Last month, I posted a case from my own practice to highlight issues of pain management in primary care. To recap: The patient was a 50-year-old construction laborer with new-onset low back pain without sciatica. I asked for, and received, numerous comments about my management of this patient.
Thank you for the many constructive comments. I was impressed by how many participants in this activity recommended nonpharmacologic management for back pain and shared their own, and at times very personal, perspectives on what works and what does not. Your suggestions prompted me to look further into exercise and physical therapy interventions for low back pain.
As mentioned in the original article, multiple different methods of exercise training are effective in the management of low back pain, and I stand by the statement that what really matters in recommending effective therapy is the patient's perspective and values as well as the resources that are most accessible for the patient.
Is Any Exercise Effective?
A network meta-analysis that included 89 randomized controlled trials compared the efficacy of different forms of exercise training in terms of pain and function among patients with low back pain, and the results of this study are illuminating.
The best interventions for reducing pain included Pilates and stabilization/motor control exercises, which focus on specific trunk muscles to improve coordination of the spine and pelvis (exercises which were promoted by numerous participants!) Aerobic exercise also improved pain.
For physical function, the top exercise treatment modalities were stabilization/motor control and resistance training, followed by water-based training, Pilates, and yoga. Researchers also evaluated mental health as an outcome, and resistance and aerobic training had the most positive effects in this domain. Finally, stabilization/motor control and resistance training were most effective for the outcome of muscle strength.
Stretching alone did not improve pain or physical function, nor did McKenzie exercises, which usually involve repeated passive spine movements and sustained positions in different directions.
Some respondents mentioned the world's number one preferred form of exercise — walking — for the management of low back pain. Could such a simple intervention be effective? The answer, according to another systematic review of randomized trials, is…maybe.
Five studies were included in the meta-analysis. Three studies compared walking with other forms of exercise, and two examined whether walking could offer additional benefit beyond other forms of exercise.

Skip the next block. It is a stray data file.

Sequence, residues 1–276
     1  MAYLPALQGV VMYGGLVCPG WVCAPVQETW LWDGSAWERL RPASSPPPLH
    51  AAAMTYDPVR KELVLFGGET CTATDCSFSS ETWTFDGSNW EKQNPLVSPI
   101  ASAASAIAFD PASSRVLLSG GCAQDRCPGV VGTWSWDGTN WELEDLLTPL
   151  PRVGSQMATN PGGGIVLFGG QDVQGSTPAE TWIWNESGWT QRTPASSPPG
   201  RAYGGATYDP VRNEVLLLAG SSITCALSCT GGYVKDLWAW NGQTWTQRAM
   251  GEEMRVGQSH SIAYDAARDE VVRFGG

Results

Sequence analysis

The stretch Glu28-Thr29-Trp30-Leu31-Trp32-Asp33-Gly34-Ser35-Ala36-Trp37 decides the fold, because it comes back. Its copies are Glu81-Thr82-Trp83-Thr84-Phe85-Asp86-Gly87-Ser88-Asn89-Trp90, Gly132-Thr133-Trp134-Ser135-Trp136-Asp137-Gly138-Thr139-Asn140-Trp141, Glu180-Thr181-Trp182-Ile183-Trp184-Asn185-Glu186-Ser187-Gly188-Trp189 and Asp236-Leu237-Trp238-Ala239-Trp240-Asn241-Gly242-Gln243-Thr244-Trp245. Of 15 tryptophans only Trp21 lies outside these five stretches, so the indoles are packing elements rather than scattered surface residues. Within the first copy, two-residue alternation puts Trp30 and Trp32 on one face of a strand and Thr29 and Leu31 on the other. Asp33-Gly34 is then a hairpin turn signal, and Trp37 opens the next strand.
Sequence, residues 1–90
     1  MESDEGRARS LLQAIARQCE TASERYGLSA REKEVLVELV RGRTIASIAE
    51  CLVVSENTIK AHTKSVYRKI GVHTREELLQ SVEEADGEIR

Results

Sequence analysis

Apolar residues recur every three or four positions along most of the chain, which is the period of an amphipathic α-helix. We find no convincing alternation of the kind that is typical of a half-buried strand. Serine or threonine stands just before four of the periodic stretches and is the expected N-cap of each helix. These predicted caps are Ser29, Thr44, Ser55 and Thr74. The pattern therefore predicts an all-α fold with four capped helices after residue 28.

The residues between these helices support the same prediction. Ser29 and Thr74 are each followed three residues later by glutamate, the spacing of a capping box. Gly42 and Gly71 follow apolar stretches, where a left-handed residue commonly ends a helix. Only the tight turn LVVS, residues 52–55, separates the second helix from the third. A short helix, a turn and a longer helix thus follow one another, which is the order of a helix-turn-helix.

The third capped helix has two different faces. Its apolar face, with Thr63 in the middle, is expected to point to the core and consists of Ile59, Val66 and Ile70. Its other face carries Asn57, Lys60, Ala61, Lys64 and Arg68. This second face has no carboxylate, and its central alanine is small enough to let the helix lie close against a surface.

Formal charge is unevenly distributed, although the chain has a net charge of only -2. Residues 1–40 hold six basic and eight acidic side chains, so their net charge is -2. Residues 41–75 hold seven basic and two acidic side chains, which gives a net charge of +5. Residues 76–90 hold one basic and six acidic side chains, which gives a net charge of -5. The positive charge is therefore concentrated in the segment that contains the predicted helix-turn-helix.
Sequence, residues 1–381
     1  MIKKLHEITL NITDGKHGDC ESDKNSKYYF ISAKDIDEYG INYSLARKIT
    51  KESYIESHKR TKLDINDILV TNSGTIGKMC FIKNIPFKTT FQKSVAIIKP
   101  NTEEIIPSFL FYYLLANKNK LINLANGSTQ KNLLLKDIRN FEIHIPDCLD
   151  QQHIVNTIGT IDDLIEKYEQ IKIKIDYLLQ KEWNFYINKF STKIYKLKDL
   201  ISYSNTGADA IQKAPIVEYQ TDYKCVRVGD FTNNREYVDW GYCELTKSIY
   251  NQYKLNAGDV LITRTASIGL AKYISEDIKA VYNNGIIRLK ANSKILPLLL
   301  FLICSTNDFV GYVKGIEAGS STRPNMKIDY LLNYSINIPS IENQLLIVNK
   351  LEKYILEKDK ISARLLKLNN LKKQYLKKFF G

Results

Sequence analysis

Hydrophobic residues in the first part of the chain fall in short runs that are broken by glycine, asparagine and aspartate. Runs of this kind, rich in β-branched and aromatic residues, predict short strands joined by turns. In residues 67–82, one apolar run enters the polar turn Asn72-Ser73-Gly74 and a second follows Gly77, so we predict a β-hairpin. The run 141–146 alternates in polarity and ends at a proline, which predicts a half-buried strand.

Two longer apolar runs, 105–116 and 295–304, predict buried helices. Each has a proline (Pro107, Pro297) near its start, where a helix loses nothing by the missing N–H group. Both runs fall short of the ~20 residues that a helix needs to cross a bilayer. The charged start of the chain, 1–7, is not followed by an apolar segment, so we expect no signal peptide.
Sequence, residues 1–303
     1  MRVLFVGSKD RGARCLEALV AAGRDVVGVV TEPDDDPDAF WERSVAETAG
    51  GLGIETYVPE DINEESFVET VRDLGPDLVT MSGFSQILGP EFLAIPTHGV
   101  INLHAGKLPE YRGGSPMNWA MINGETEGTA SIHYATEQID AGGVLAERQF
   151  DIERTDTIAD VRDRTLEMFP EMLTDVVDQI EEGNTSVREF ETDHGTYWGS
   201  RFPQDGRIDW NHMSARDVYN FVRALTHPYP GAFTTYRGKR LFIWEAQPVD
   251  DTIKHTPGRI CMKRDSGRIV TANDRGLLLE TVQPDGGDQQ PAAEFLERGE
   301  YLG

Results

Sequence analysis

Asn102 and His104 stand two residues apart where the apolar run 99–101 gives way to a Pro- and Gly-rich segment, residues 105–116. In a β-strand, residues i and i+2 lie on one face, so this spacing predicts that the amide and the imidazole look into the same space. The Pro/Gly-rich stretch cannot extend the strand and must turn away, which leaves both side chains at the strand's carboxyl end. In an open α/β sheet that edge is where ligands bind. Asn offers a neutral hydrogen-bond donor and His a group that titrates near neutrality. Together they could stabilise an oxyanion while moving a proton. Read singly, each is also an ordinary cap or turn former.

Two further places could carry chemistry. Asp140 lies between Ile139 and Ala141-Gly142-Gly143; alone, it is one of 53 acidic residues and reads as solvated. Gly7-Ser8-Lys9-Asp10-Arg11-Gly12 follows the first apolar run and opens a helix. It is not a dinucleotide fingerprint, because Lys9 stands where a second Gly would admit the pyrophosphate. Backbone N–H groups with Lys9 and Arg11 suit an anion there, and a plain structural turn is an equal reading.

Overall, walking was similar to other forms of exercise in its effects on pain, disability, and quality of life. However, these effects were small and of questionable clinical significance. The authors note that the small sample sizes from included research might have resulted in a lack of power to demonstrate a more robust effect. In addition, they found that adding walking to standard exercises for low back pain did not improve outcomes.
Low Back Pain Guidelines
These studies validate current recommendations for patients with low back pain to remain active. Still, many providers do not follow guidelines for the management of low back pain (please do not order plain radiography routinely for acute or subacute low back pain).
The degree of nonadherence to recommendations for the management of low back pain is shocking. In a study of 410 physical therapists presented with clinical vignettes of common cases of low back pain, adherence to the American Physical Therapy Association guidelines for low back pain was 72.2% for a case of pain with lower-extremity involvement. But guideline adherence dropped substantially to 46.1% for a case of low back pain with coordination impairment and 29.5% for pain with fear-avoidance behavior.
What about physician adherence to guideline-based therapy for low back pain? Not good. Another study found that the overall rate of adherence to guidelines from the Agency for Healthcare Research and Quality among 720 physicians was 26.9% for a case of low back pain without sciatica, and a mind-blowing 4.3% in a case of low back pain with sciatica. Physicians with backgrounds in general practice and internal medicine were particularly prone to deviations from guideline-based therapy.
Good healthcare can absolutely act against guidelines for many excellent reasons. However, if fewer than 1 in 20 patients with low back pain featuring sciatica receive the most evidence-based and efficient therapy, something is very wrong. I hope that this article helps to promote an evidence-based as well as patient-centered approach to low back pain. Thank you again for your excellent input!
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Cite this: Low Back Pain: Does Exercise Help? What Type? - Medscape - Oct 29, 2021.